Notebook, 9 February 2011: The World’s Newest Nation . . .

The World’s Newest Nation

In case you’ve missed it, the news from Africa isn’t all bad, Egypt notwithstanding. The world’s newest nation, South Sudan, was born after years of dogged diplomacy helped end the world’s longest civil war (excepting perhaps the Karen revolt against the central government in Myanmar) which claimed the lives of an estimated 2 million. China has announced it’s recognition, and the US is poised to follow suit in July.

I’d like to take this opportunity to offer my own, humble, congratulations to the people of South Sudan and wish them health, prosperity and peace.

One of the most under-developed countries in the world, South Sudan possesses most of The Sudan’s oil reserves, so I await the onset of the Oil Curse. The problems facing South Sudan are enormous, and it’s domestic politics uncertain. Above all, I dearly hope it’s leaders avoid the mistakes being made by their neighbors in Cairo and remember those who voted to put them in charge first and foremost.

What Capital Flight?

It appears that overseas investing may not be all its cracked up to be. If you’re a shareholder in Egyptian companies, you might already be wondering why you never heard about the possibility of headline risk in detail. Like, who could’ve guessed that the murder of an Egyptian blogger would have ripped your retirement portfolio to shreds?

And that’s just the headline risk you know about.

What really has the investment community brotherhood of thieves, thugs and pickpockets abuzz are signs of inflation in Asia. Paul Ryan thinks it’s all Ben Bernenke’s fault, and I’d post the video, but unlike when democrats were in control, House committee hearing videos are now heavily censored and headlined with rethug talking points. Make no mistake. Republicans don’t give a shit about governing, They’re already using the facilities of the federal government as a campaign platform. (Is that legal? I’m just askin’.) However, Bernenke pretty much told the truth as best we know it: prices on ordinary daily necessities are rising because India, China, Brazil, etc. are all experiencing skyrocketing demand on finite resources. Meanwhile since the start of the year, Mumbai’s market is down 11.6%, Jakarta’s down 7.2% and Hong Kong has given back all the gains since January 1 and is now down 1%.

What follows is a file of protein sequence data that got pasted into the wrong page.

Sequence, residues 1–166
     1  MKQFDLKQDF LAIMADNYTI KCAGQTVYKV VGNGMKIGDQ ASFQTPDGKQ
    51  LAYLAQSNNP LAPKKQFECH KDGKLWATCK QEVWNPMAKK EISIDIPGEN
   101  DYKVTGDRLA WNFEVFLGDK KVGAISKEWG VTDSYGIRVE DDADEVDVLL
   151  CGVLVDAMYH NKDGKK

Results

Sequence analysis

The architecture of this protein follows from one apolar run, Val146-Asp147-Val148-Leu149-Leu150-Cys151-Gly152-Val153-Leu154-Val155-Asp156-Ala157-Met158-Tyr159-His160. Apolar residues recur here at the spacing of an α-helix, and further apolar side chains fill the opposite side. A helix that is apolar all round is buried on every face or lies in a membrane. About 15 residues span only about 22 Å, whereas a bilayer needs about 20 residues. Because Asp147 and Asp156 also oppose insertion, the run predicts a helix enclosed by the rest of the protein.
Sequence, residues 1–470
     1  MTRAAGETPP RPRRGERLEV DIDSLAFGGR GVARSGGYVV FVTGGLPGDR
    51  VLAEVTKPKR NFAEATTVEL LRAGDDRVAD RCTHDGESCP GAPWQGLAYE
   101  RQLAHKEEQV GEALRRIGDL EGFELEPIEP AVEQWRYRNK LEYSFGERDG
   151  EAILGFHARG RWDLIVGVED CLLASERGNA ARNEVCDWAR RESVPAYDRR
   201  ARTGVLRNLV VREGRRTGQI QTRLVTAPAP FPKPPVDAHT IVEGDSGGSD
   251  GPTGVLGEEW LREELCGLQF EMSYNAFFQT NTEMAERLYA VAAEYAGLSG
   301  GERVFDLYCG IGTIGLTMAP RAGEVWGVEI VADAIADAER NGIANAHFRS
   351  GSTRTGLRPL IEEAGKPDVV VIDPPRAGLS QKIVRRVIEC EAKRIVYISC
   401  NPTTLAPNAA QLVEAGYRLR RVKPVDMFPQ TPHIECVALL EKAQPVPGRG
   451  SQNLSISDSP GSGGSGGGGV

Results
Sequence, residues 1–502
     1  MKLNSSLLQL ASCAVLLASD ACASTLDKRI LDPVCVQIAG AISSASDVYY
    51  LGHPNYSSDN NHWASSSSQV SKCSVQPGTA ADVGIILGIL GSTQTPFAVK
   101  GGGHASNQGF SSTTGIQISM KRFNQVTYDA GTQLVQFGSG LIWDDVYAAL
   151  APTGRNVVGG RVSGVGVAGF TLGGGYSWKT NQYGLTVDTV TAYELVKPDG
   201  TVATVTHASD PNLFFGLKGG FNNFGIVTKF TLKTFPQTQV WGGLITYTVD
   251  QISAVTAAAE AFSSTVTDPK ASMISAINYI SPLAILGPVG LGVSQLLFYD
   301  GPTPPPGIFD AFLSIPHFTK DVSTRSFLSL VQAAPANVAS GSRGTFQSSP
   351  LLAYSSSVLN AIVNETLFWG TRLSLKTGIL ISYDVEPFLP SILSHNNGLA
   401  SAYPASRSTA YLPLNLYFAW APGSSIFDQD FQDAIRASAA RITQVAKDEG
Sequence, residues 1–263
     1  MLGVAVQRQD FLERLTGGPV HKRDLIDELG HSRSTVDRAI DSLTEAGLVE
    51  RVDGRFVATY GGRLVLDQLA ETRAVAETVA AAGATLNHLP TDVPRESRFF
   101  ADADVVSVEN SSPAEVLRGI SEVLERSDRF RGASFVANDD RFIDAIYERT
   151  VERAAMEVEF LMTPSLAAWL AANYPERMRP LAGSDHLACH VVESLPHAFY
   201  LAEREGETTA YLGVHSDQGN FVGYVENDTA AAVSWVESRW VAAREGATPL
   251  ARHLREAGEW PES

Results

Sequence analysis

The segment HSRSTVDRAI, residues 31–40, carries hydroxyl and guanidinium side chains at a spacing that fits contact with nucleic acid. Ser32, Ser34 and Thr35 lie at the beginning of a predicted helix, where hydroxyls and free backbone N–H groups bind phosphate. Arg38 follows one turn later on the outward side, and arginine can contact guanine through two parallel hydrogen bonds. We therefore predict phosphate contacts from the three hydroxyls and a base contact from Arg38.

Mostly because the “hot money” from foreign investors is looking for a new home.

Oh, one BBC guest business analyst also briefly mentioned “headline risk,” but confines his concerns to North Africa. Guess he hasn’t heard about the exchange of artillery fire between Thailand and Cambodia, that North Korea walked out of preliminary talks with Seoul, that this might be important because North Korea evidently sank a South Korean naval vessel and shelled Yeonpyeong Island, killing four South Korean civilians, or perhaps he missed the growing tensions between Tokyo and Moscow over the Kuril Islands while Medvedev ups the ante. all of which I grant haven’t really made the headlines.


The Week Ahead . . .

If the scattered stories you’ve heard about dissidents being arrested, tortured and murdered by Egyptian police haven’t been woven into a continuous narrative for you, well that’s coming up a diary soon. (h/t to BBC World for beginning to put this together)

Likely that I won’t get it together before the switch to DK4 though. Hope to meet all of you there.

I also got ahold of a copy of The Economist Intelligence Unit’s Democracy Index for 2010, entitled “Democracy In Retreat” and I’d like to talk a little about that.


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